Cardamom sugar mixture;

Granulated sugar                                                                   1/4 cup

Ground cardamom                                                                 1/2 tsp


Preheat oven to 350 F. Mix the granulated sugar and cardamom powder to form a uniform mixture and set aside.

In a stand mixture cream together brown sugar and butter for a couple minutes.

In another bowl mix the cardamom powder and flour. Slowly. incorporate flour mixture into the dough. As soon as this mixture comes together, collect the dough in a bowl, divide into two halves, shape into discs, cover with cling film and refrigerate for an hour.

When ready take about two tablespoon of the dough and form balls. Roll this in the cardamom sugar mixture and flatten them into discs. you can use any cookie cutter of your choice to give them your desired form. If using a rubber stamp like I have done here, lightly dust the stamp with icing sugar, press the stamp down on the disc, to release the stamp rock it gently sideways.

Place the stamped cookies on a Sil pat lined baking tray 2 inches apart. Bake for about 15 minutes or til the edges turn golden. Allow them to cool


If the dough feels too dry use a couple tea spoons of milk to get a play dough consistency. A little bit of flour can be added if the dough is too sticky.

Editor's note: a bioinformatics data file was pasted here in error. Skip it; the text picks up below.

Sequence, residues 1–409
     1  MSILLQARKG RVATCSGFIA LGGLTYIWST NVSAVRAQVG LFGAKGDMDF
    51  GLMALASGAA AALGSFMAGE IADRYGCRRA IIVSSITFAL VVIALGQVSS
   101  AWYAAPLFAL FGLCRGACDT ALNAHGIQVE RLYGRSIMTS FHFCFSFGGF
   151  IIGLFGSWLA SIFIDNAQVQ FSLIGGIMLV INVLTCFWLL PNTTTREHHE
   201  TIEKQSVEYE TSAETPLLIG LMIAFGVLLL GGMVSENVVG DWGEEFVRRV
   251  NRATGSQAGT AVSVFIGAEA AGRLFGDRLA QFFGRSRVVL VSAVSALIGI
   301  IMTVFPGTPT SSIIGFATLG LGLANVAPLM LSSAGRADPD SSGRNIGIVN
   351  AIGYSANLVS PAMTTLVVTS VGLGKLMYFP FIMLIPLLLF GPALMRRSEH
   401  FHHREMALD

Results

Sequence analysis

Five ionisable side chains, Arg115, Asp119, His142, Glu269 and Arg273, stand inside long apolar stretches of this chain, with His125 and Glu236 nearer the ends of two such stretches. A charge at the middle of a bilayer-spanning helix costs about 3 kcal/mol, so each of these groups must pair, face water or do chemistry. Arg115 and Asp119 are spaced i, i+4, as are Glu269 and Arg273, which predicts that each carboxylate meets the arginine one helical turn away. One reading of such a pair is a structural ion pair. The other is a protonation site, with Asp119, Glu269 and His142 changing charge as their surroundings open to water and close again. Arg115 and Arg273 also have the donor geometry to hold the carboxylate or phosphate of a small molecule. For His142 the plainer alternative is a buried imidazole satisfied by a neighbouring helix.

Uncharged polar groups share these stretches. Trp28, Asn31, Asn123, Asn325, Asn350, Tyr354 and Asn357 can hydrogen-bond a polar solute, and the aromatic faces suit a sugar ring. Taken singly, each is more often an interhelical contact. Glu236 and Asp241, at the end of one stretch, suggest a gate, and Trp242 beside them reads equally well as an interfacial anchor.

Amygdalota : Greek Almond cookies : GF : Egg free option


IMG_3522 (1)

Amygdalota. What lota? I know what you are thinking. I can explain…

Did you know “Amygdala” is an almond shaped area in the human brain that is involved with emotion and decision making.


Amygdalota are Greek almond cookies. Almond trees are present everywhere in Greece. Almond signifies happiness and prosperity and hence these are integral in important events in Greek lives like weddings or baptisms.

If we try and add the above two, it is clear that these cookies and happiness are inseparable. The truth can only be verified once you try these beauties. For the time being take my word. Thank me later.


Mildly crispy, sweet with a flavour of fresh orange zest , all you need is a cup of espresso by the side.

Recipe ; Made 3 dozen. Recipe based from “Flavor the moments “: with some changes.


Almond flour                        3 cups

Granulated sugar                 3/4 cup

Orange zest                         1 tbsp

Salt                                     1/4 tsp

Egg whites                           From 3 eggs (  If skipping egg, Aquqfaba 1/4 cup )

Vanilla extract                     1 tsp

Almond slices                      1 cup


Put the oven on at 350 F

Mix the almond flour, salt, orange zest in a bowl. Keep aside.

In a stand mixer take the egg whites or Aquafaba if using, add the sugar and vanilla. Mix in high speed till soft peaks form. Add the flour mixture in instalments. Use a spatula to let them all come together. Take a tablespoon measure of this mixture, form a ball between the palm of your hand. Press to form a disc, roll it in the almond slices.